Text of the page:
Feb. 21, 2011
Feminist artist Carolee Schneemann to lecture March 2
Groundbreaking feminist artist Carolee Schneemann will visit the University of Iowa campus for a lecture and for screenings of her films as the University of Iowa Museum of Art kicks off its new exhibition of the works of Lil Picard, a contemporary and mentor of Schneemann’s. The exhibition “Lil Picard and Counterculture New York” opens Feb. 24 in the Iowa Memorial Union’s Black Box Theater.
Six of Schneemann’s short films will be shown at 7 p.m. Tuesday, March 1, in Room E105 of the Adler Journalism Building. At 7:30 p.m. March 2, the artist will present a guest lecture co-sponsored by the UIMA and UI Theatre Arts Department at the University Club on Melrose Avenue.
Both events are free and open to the public; however, some material in both the film and lecture may be unsuitable for younger audiences. Parental guidance is advised.
In her lecture, Schneemann will show 45 personal images from throughout her career, dating back to 1964, when she became best friends with Picard in Paris. Schneemann was just 24 years old and working on her performance art piece and film, “Meat Joy,” when she met Picard. That film, which will be shown in the March 1 screening, was produced for Jean-Jacques Lebel’s “Festival of Free Expression” and depicts nearly nude performers interacting with raw fish, chickens, sausages, wet paint, plastic, rope and shredded scrap paper.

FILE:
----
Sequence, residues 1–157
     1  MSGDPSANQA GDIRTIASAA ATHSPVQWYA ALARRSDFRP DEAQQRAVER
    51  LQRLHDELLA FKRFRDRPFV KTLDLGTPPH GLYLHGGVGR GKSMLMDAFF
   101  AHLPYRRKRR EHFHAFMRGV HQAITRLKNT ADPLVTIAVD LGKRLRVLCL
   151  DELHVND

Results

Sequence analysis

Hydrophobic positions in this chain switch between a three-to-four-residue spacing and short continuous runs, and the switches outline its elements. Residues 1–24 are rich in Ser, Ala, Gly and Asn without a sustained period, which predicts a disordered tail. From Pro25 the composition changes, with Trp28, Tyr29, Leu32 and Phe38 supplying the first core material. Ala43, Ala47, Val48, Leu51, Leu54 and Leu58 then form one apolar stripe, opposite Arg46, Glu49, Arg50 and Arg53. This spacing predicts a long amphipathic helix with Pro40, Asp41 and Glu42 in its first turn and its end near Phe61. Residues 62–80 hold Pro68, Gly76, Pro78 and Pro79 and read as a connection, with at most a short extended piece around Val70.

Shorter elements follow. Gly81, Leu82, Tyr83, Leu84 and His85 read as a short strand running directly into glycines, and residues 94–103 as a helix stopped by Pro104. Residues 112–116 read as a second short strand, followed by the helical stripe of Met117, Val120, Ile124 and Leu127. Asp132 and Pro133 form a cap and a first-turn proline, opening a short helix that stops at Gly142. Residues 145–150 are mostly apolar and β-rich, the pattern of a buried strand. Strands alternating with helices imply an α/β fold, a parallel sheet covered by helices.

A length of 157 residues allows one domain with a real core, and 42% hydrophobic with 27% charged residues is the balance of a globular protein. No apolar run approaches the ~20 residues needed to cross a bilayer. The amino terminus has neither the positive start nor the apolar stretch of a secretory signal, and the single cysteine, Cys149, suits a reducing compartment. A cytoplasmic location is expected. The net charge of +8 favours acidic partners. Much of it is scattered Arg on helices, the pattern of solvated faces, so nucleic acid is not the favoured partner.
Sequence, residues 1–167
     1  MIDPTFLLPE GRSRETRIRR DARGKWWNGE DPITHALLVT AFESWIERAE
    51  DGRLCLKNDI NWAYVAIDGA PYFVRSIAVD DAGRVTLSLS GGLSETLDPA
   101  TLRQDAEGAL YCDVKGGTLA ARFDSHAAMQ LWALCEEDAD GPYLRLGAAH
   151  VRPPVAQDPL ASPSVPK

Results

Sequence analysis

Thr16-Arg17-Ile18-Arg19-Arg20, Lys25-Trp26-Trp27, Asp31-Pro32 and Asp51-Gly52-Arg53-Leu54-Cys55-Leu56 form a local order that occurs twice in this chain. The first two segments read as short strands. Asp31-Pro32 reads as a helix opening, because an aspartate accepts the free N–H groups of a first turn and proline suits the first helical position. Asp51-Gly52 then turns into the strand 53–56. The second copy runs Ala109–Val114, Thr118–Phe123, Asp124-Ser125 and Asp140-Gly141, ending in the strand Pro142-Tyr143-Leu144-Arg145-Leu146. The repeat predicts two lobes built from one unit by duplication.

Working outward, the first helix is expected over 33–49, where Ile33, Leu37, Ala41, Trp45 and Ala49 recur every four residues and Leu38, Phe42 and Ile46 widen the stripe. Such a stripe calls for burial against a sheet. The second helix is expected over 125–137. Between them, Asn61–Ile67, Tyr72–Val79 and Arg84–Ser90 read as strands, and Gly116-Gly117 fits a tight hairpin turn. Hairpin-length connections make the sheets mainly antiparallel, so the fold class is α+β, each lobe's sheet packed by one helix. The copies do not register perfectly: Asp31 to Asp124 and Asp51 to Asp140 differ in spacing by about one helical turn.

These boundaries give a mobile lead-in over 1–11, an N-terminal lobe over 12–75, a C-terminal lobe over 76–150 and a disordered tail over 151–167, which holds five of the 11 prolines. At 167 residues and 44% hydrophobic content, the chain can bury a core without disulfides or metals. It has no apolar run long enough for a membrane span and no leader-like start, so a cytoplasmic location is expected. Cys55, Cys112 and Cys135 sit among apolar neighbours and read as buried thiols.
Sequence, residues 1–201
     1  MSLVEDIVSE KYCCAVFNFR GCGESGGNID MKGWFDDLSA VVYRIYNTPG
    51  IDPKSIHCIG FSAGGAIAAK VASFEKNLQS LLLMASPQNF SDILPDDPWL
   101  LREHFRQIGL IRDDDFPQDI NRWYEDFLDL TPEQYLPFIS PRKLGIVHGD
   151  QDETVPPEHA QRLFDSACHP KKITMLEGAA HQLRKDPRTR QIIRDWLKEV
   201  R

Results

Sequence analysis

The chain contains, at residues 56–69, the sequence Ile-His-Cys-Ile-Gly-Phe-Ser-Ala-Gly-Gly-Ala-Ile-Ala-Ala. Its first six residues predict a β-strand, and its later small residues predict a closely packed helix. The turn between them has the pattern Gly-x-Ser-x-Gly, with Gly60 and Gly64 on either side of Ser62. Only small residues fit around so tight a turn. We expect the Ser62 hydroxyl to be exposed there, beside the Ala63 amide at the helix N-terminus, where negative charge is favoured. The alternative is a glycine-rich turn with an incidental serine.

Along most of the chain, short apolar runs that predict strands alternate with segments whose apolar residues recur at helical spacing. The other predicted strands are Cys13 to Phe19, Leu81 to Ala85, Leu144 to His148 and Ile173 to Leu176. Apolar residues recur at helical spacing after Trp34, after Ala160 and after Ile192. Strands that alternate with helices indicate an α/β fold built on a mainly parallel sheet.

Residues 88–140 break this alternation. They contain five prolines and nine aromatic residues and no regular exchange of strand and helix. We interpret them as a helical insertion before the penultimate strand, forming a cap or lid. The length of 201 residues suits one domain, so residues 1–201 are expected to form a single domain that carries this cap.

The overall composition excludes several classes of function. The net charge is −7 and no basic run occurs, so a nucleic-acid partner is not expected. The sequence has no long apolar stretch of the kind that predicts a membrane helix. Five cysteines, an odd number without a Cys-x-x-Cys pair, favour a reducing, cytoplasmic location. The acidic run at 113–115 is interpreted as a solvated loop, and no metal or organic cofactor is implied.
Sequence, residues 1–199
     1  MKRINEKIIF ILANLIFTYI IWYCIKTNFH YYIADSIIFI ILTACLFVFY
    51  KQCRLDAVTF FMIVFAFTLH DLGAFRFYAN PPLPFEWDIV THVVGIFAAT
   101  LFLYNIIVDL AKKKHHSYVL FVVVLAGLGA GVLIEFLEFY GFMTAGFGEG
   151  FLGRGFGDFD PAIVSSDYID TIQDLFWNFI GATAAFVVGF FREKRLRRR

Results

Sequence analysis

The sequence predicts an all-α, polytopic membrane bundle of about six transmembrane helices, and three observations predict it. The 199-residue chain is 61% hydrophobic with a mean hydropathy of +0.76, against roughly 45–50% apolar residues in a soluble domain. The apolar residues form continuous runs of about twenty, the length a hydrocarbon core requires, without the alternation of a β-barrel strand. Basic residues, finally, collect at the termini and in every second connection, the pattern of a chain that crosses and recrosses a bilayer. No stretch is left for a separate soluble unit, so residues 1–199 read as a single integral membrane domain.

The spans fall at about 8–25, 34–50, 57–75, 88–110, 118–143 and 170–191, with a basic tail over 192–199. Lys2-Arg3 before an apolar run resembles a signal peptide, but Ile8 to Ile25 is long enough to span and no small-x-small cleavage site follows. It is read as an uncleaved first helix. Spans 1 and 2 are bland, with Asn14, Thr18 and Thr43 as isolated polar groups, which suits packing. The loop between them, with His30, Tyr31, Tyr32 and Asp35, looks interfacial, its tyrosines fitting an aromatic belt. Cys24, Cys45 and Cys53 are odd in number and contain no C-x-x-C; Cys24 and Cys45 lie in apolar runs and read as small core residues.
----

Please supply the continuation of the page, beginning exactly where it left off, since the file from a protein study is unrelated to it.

“It was my first time in Europe, struggling to speak French and producing the kinetic theater work ‘Meat Joy’ as Lil guided my pronunciation, took me to the essential cafés and galleries,” Schneemann says. “We would share our art life in New York City in the following years.”
Schneemann notes that Picard inspired her and countless other woman artists in their circle, including Yoko Ono, Alison Knowles, Charlotte Moorman, Shigeko Kuubota, and Kusama. “Despite the traditional marginalization of women artists by the heroic male art world of the 1960s, Lil remained central to those equitable gender events which would shape our world and its future,” Schneemann said.
Schneemann’s works have been shown in New York City’s Museum of Contemporary Art, the Museum of Modern Art, and the Whitney Museum, at the Los Angeles Museum of Contemporary Art and at the Reina Sofia in Madrid, Moderna Museet in Stockholm, and the Pompidou, Paris. Her recent multichannel video installation “Precarious” was commissioned for the Tate Liverpool festival “Abandon Normal“ September 2009.
Visit http://uima.uiowa.edu or call 319-335-1727 for more information. The UI Theatre Arts Department is a unit of the UI College of Liberal Arts and Sciences.
STORY SOURCE: University of Iowa News Services, 300 Plaza Centre One, Suite 371, Iowa City, Iowa 52242-2500